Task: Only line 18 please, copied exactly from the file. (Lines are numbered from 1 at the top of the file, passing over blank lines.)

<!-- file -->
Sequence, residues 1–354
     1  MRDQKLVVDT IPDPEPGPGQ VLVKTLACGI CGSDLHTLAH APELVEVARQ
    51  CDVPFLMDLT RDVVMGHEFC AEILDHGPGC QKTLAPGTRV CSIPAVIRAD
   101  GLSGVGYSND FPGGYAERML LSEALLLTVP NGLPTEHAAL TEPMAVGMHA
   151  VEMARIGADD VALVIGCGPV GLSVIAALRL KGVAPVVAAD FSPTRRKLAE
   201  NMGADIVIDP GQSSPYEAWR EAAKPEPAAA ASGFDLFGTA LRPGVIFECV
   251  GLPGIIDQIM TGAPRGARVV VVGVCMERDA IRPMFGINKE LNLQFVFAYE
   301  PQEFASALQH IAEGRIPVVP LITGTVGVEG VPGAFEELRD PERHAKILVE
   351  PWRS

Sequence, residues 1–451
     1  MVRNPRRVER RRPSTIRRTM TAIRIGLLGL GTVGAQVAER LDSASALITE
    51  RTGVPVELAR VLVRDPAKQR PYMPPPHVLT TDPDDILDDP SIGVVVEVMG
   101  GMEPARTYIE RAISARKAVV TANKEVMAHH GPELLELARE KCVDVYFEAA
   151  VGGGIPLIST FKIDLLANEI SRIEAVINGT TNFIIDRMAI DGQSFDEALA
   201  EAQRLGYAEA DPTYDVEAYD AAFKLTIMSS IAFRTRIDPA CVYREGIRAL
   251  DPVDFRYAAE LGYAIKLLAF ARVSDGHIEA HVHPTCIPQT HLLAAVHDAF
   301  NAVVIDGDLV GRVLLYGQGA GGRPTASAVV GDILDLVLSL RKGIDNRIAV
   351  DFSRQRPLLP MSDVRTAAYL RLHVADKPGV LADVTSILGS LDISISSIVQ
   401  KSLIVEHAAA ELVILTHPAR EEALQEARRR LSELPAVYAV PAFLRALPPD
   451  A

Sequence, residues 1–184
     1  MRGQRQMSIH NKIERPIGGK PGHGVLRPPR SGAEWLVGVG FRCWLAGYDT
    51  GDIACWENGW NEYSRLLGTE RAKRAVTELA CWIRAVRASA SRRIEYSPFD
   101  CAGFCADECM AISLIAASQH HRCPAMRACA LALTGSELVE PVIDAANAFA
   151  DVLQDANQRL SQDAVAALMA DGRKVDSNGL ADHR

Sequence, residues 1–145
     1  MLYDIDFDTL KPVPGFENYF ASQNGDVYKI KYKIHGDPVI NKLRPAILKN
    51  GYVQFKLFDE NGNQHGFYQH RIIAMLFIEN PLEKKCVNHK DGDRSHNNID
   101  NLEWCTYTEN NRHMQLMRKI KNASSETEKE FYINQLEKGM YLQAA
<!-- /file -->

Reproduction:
   351  DFSRQRPLLP MSDVRTAAYL RLHVADKPGV LADVTSILGS LDISISSIVQ